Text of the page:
02May
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Perhaps you’ve noticed a slew of class-action lawsuit commercials on daytime TV recently. There are actually thousands of heartbreaking stories behind these clumsily deployed ads.

A class action lawsuit can only be pursued when numerous people have nearly similar complaints. Often, drugs and medical devices are at the heart of these consolidated legal actions, but there are also numerous other types of complaints that can best be tackled in court when they’ve been consolidated.

How do you know when something like a personal injury claim might actually be better suited to a class-action lawsuit?

You might be surprised by the kinds of suits that are currently in litigation. Many of them are still accepting new members. In some cases, the regular two-year statute of limitations may not apply, because that requires people to be aware of the risk.

For example, a current mesothelioma class-action lawsuit includes people who were exposed decades ago, but only recently became aware of their employer-caused exposure. Below are a few of the other current class actions in process; some of the details may shock you.

Commonly prescribed drugs

Zithromax is one of the most popular antibiotics on the market because it’s necessary to take it for only five days instead of the usual nine. This is very appealing to people who are forgetful, and for children who have a tough time taking pills.

However, Zithromax is linked to Stevens Johnson Syndrome (SJS), which is a deadly allergic skin reaction that causes the skin to peel off like an onion. There’s no cure for SJS, and survivors are often left with what looks like third-degree burns and blindness.

Acetaminophen, a common painkiller found in everything from Tylenol to Ibuprofen, is also linked to SJS. A person can take any of these SJS-related drugs for years without suffering any problems, and suddenly develop SJS out of the blue.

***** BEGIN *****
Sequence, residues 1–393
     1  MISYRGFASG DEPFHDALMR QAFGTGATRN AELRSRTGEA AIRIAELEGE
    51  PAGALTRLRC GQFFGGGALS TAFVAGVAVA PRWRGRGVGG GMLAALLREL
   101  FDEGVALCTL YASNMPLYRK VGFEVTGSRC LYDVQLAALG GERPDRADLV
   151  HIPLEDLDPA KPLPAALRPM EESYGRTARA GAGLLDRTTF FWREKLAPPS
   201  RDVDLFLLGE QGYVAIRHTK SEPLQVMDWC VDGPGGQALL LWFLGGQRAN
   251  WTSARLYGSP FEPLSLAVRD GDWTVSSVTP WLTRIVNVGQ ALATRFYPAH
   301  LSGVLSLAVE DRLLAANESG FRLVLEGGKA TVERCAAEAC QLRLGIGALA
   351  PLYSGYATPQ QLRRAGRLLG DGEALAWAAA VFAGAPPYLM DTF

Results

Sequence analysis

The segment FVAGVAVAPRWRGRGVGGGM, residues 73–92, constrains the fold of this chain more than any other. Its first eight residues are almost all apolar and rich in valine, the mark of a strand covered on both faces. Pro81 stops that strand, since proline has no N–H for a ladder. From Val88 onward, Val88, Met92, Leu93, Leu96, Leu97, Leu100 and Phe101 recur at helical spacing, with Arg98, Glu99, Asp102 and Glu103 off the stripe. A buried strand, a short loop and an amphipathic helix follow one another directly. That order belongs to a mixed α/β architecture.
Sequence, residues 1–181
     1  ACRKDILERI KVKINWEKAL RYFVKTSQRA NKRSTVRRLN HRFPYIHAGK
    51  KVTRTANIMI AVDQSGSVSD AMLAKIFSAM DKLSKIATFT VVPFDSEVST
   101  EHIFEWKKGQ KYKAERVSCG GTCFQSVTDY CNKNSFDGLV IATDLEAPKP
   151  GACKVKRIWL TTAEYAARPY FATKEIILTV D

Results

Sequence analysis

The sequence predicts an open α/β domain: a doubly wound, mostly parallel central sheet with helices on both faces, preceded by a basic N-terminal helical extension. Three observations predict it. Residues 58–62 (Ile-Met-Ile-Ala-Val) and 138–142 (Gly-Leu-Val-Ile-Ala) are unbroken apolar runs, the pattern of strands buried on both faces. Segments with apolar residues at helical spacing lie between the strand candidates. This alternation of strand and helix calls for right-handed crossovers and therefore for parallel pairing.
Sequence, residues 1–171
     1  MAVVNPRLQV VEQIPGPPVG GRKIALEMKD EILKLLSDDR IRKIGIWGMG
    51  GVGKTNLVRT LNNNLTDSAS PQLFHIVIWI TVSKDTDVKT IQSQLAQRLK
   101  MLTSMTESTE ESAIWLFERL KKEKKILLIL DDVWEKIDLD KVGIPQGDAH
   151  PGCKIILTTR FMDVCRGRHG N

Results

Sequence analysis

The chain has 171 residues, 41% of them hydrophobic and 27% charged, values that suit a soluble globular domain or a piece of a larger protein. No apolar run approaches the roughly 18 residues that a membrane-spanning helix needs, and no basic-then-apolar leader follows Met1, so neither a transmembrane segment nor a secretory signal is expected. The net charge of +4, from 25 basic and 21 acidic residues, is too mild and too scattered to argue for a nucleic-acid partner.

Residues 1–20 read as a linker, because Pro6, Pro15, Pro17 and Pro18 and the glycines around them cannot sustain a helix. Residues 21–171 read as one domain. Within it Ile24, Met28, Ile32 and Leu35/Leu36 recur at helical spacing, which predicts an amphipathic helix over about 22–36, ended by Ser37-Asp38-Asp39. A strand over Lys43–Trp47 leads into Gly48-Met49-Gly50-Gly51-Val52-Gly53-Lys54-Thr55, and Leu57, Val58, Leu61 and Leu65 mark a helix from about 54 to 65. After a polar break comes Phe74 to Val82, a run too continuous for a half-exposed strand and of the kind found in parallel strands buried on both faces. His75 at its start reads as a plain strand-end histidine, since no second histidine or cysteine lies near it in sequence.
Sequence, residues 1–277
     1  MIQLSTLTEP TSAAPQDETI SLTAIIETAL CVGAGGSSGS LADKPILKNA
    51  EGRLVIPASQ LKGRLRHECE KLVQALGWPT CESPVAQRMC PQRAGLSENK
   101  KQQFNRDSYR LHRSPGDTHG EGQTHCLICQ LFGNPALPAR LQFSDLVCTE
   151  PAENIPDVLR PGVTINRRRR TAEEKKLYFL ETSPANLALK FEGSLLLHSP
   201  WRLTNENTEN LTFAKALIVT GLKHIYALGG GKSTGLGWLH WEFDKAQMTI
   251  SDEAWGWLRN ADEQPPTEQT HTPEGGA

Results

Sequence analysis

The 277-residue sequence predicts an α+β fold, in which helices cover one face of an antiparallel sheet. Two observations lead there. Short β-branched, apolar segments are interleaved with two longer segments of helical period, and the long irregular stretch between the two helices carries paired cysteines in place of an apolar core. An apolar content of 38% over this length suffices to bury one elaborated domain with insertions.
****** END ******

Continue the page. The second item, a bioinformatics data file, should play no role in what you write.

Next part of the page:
Even worse, most people have taken a painkiller or antibiotic at some point in their lives, so everyone’s at risk. There are cases of children as young as two dying of SJS from medications.

Trading one ailment for another

Lipitor, a cholesterol-lowering medication, is often prescribed to prevent cardiovascular disease, even when a person isn’t at high risk. However, this drug has been linked with permanent Type-2 diabetes in women over 50.

When Lipitor causes diabetes, there’s no chance for reversal, and patients face an increased risk for a number of illnesses. Instead of preventing a disease, they were given one.

Unum is the biggest long-term disability insurance provider in the country, but thousands of people have claimed that the company refuses to pay out. CBS has exposed the inner workings of the company, and showcased how employees who closed or denied the biggest claims were awarded financial bonuses.

A class-action lawsuit against Unum alleges that the company preyed on its customers during their most vulnerable time: when they were newly disabled. Former Unum employees have confirmed claims that they were financially rewarded for denying claims at any cost.

These are just a smattering of the class-action lawsuits currently being assembled across the country. Joining one in lieu of an individual claim can lead to a faster resolution, but there’s typically a cap on the available compensation.

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